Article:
/ 11 January 2023

After being forced to suspend services, Intercape to resume in Eastern Cape

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Photo by: Peter Titmuss/UCG/Universal Images Group via Getty Images

Long-distance bus company Intercape will resume its operations in five Eastern Cape towns after accepting a joint action plan outlined by the provincial traffic department, the police and the transport department to grapple with criminal attacks.

“There is a plan of action on the table which has been prepared by the MEC [member of the executive council] for transport in collaboration with the police and the minister of transport, which indicates that we can begin operating from these towns again,” Intercape said in a statement. They include Cofimvaba, Butterworth, Engcobo, Tshomo and Idutywa.

This comes after the Makhanda high court on Tuesday dismissed Transport Minister Fikile Mbalula’s appeal against a 2022 judgment ordering the minister to draw up a plan that will ensure the safety of drivers and passengers in the province. 

In response to a Mail & Guardian inquiry, Intercape said as far as it was aware, the joint action plan had already commenced.

“Based on the initial and amended action plan prepared by the MEC and the further input by the minister during December 2022, it is understood that the implementation of the action plan is already underway,” spokesperson Lindiz van Zilla said.

Both Mbalula’s office and that of the Eastern Cape’s MEC for transport, Xolile Nqatha, declined to comment on the plan because both offices are still studying Tuesday’s judgment. 

Last year, Judge John Smith ordered Mbalula and Nqatha to coordinate with the South African Police Service (SAPS) a workable action plan to stop violent attacks on long-distance coaches. 

Nqatha outlined a plan by 28 October, but Mbalula applied for leave to appeal Smith’s ruling. On 14 December, by means of a court order, Intercape successfully compelled the minister to contribute to the safety plan pending the finalisation of his appeal.

This week, Smith stated in his ruling: “The minister’s resistance to cooperation with the provincial authorities is rather surprising, particularly having regard to the fact that our constitutional dispensation is founded upon the principle of cooperative governance.”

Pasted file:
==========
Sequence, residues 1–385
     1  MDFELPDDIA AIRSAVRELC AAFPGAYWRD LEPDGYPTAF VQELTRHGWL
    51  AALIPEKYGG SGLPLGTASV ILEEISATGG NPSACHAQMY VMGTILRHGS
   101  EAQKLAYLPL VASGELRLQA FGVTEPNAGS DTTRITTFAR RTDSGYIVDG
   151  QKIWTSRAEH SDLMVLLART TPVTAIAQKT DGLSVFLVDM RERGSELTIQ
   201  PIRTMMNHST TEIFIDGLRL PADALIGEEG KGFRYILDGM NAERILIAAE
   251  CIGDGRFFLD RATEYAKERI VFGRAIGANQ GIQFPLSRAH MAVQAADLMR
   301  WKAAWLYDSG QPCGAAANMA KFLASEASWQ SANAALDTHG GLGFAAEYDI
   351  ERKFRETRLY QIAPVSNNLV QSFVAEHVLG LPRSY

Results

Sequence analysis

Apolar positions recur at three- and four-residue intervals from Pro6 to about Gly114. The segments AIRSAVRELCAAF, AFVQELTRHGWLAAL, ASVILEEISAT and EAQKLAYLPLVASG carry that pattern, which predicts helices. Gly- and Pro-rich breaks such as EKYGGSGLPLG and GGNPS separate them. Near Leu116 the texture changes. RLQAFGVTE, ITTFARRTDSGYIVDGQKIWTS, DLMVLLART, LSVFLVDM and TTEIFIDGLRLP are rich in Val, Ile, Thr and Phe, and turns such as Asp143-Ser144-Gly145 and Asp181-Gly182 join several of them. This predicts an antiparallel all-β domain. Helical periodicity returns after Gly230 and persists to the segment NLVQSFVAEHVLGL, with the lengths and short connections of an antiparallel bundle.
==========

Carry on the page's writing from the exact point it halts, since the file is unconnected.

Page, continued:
Van Zilla told the M&G that Intercape expects Mbalula, Nqatha and police to “fulfil their duty and ensure that transport is safe going forward, including in the no-go-zones. Should they fail, Intercape will take further legal action to ensure that the responsible persons are held to account.”

Intercape said it would follow “the same legal approach” with Police Minister Bheke Cele as that  taken against Mbalula because “both have failed in their constitutional obligations and we are turning to the courts to force them to act”.

Last Thursday, Nqatha warned taxi operators that they would  face “the might of the law” should they continue with illegal roadblocks that threaten long-distance drivers.

“We cannot allow a situation where we have an illegal law enforcement structure that runs parallel to what our government seeks to achieve, tormenting and extorting money from our people,” said Nqatha. 

He also called on all state law enforcement agencies to take “tough action” against illegal roadblocks. 

Intercape reported 18 attacks on its buses nationwide, of which 10 occurred in the Eastern Cape since first approaching the court in September. 

More than 150 violent incidents against long-distance bus operators were recorded across the country in the 13 months up until May last year. Incidents included shootings, stonings and intimidation by so-called rogue taxi associations.

“Disappointingly, there have still been no arrests made in respect of the numerous criminal cases registered with the SAPS in the Eastern Cape,” said Van Zilla, adding: “There has been a single arrest in the Western Cape and that suspect is out on bail due to insufficient evidence. We find this completely unacceptable and totally inadequate.”

The police in the Eastern Cape did not respond to media inquiries.